Republican presidential hopeful Newt Gingrich continues his bus tour of Iowa. After leading in the polls, he's had setbacks in recent days. Negative campaign ads by his opponents have hurt him with some voters. And on Tuesday, the former House speaker found his message side tracked by new disclosures involving the divorce from his first wife.
NPR's business news starts with Iran shaking the oil markets.
Oil prices are higher this morning after a top Iranian official threatened to block a considerable part of the world's oil supply, if new economic sanctions are imposed on his country. The official spoke of blocking oil tankers from moving through the Straits of Hormuz; that's the opening from the Persian Gulf, a major transit route for a number of nations, and it goes right past the Iranian shore.
Originally published on Wed December 28, 2011 12:20 pm
GOP presidential candidates are touring Iowa ahead of next week's caucuses. The main issue for many voters there is the economy, but another hot topic is emerging: overhauling immigration policies. Iowa's Hispanic population is surging, and Republican candidates are struggling with how best to deal with voter concerns.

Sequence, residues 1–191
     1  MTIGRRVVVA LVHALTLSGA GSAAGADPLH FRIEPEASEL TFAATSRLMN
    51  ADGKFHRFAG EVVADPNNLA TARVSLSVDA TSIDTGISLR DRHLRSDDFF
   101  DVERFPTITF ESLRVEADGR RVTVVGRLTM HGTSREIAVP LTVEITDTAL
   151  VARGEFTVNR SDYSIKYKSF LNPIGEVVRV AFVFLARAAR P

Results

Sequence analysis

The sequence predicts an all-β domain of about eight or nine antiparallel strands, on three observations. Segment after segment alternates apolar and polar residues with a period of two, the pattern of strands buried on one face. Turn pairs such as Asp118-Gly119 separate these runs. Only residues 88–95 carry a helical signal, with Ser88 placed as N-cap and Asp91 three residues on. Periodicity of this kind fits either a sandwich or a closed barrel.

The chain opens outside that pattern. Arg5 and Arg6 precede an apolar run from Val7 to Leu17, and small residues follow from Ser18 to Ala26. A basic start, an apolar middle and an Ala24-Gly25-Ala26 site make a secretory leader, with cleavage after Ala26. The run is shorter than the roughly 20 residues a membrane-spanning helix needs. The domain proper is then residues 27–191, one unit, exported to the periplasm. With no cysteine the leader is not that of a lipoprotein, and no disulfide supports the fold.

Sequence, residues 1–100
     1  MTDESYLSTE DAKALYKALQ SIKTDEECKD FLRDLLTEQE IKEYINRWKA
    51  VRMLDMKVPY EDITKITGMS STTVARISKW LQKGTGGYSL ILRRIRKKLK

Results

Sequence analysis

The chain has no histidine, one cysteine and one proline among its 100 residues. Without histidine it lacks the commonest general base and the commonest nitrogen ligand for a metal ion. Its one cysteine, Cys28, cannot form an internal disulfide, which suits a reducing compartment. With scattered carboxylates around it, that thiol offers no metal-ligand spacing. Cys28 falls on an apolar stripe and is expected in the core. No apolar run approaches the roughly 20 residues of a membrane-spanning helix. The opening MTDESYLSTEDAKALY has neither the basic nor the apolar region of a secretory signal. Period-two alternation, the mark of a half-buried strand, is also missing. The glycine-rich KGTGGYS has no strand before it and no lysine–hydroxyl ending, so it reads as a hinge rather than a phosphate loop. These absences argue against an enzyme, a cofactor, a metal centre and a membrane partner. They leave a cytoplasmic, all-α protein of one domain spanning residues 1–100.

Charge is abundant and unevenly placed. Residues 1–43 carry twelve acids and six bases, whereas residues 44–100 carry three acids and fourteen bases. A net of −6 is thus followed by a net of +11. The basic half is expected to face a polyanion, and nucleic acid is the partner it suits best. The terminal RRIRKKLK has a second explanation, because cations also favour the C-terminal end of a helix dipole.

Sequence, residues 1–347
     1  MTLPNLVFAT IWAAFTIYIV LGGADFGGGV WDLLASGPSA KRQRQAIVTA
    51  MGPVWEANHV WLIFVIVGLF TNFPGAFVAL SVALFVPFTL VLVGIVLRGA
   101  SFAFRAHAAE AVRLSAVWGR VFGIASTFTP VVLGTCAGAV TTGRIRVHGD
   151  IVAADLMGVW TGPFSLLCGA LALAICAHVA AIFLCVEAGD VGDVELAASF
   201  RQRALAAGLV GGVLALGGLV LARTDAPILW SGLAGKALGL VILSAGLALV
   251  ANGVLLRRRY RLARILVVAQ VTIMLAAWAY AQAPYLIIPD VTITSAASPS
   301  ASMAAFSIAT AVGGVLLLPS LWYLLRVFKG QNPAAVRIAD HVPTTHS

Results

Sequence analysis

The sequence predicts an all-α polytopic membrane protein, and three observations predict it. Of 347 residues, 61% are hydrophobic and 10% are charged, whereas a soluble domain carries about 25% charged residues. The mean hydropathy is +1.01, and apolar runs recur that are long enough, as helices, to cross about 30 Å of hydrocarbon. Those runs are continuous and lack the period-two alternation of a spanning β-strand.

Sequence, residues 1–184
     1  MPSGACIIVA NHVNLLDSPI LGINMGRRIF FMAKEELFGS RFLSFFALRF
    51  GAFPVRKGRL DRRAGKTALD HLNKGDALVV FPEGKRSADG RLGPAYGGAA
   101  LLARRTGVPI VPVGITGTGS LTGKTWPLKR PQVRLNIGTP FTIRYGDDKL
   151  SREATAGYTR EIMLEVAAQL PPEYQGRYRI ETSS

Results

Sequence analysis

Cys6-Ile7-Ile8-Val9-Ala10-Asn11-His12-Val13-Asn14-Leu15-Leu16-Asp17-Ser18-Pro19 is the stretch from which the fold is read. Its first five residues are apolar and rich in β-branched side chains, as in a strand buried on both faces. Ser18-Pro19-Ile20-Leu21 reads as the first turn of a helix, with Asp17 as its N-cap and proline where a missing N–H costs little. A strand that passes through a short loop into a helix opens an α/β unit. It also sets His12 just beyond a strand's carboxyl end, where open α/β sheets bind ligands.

Far from a relic, IBM has been one of the best stocks on the Dow this year, rising more than perennial tech hotshots Google and Apple. The company may be 100, but it has totally remade its business for the 21st century.
The company sold its PC business 6 years ago, and now, more than 83 percent of its business is services and software. Sign a contract with Big Blue and you get consulting, cloud computing, servers, analytics, even financing.
"There is no such thing as an IBM PC," says IBM managing partner Adam Klaber.
2011 has been a momentous year in the 30-year-old AIDS pandemic.
The big breakthrough was the discovery that antiviral drugs can prevent someone who's infected with HIV from passing the virus to others. It's nearly 100 percent effective. That led President Obama to declare earlier this month that the U.S. will expand HIV treatment in hard-hit countries by 50 percent.
Something that has been missing from San Francisco Bay since World War II appears to be making a comeback: Harbor porpoises are showing up in growing numbers, and researchers are trying to understand why they're returning.
The walkway across the Golden Gate Bridge is almost always packed with people taking photos. But Bill Keener isn't here for snapshots of the stunning views. He's aiming his massive telephoto lens at a dark shape in the water 200 feet below.